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The ruling African National Congress (ANC) on Sunday denied a newspaper report that the ANC wants new rules to protect President Jacob Zuma.

The Sunday Times quoted ANC Chief Whip Jackson Mthembu as saying in an interview that the ANC "wants to change parliament's rules to create new measures to defend Zuma against abusive MPs before his next visit to the National Assembly".

"The Office of the ANC Chief Whip in Parliament" is disappointed with the downright dishonest fabrications and shoddy journalism", spokesperson Moloto Mothapo said.

"This is blatantly untrue," Mothapo said, adding that at no point during the interview, such a remark was made.

The Sunday Times reporter, Babalwa Ndenze, cannot produce any record proving that the Chief Whip indeed said those words, said Mothapo.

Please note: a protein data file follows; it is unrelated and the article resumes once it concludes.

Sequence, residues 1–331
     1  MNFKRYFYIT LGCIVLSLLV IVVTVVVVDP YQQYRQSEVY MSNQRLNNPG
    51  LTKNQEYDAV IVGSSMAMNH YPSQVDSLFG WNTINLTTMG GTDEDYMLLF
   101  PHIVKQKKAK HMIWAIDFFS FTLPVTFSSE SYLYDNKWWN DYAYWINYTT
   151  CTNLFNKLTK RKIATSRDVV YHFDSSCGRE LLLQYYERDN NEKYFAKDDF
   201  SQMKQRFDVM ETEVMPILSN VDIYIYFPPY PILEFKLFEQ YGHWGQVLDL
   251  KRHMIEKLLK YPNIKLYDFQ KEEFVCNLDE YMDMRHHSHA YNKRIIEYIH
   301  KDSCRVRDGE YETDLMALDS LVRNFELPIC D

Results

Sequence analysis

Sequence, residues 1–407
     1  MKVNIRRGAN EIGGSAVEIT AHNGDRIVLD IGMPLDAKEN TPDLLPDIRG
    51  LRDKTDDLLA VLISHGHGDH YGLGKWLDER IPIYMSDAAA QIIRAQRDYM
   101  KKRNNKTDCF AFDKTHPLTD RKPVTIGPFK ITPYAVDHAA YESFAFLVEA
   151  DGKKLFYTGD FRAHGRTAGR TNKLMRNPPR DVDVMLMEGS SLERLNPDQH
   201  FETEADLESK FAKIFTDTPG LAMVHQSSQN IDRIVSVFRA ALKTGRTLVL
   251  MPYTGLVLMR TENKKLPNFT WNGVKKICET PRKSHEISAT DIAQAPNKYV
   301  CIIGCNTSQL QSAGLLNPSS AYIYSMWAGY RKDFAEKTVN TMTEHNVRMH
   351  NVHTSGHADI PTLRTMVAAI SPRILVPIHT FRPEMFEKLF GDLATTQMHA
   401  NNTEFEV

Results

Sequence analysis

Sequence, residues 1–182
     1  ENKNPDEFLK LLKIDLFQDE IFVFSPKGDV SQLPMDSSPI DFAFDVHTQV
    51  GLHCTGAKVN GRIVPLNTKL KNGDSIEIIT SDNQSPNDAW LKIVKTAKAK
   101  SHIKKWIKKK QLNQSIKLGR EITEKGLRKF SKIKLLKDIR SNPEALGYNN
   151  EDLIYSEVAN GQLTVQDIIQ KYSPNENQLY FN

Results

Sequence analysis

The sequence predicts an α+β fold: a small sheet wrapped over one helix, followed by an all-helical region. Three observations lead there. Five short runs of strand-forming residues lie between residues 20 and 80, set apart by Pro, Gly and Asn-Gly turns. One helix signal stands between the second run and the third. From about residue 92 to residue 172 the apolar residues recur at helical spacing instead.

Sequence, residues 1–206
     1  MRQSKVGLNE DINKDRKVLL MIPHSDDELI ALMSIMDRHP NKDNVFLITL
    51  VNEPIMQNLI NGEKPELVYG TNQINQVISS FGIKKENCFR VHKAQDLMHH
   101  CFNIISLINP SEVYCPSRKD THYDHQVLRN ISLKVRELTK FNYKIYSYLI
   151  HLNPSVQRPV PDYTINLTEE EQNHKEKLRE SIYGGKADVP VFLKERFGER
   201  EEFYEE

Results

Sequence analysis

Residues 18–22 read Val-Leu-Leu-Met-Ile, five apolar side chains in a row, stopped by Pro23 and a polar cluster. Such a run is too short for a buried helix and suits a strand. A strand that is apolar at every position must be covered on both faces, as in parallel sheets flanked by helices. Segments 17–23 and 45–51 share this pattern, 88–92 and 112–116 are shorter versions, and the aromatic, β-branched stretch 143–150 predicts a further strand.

"Ndenze's story is wholly based on sensationalized inventions, which he will have an impossible task to prove when the matter is reported to the press ombudsman this week," the spokesperson said.

In response to Ndenze's question seeking the ANC Caucus' view on the disruptions that broke out during president's appearance in Parliament to reply to questions, the Chief Whip emphasized the need for all parties to commit to the supremacy of the House rules and the importance of enforcing the existing rules to deal with disruptive elements.

Zuma has been disrupted several times by opposition MPs during Q&A sessions in Parliament. Recently, the National Assembly adopted new overhauled set of rules, which, amongst others, deal with disruptive conduct and provide comprehensive guide regarding appropriate steps to be taken against unruly MPs.

"It is therefore inconceivable that the Chief Whip would have called for a new rule to deal with what is already thoroughly provided for in the existing newly adopted rules," Mothapo said.

The Office of the ANC Chief Whip will this week lodge a formal complaint with the press ombudsman to ensure that the Sunday Times publish a retraction and an apology regarding the unfair and damaging fabrications contained in Ndenze's story, said Mothapo.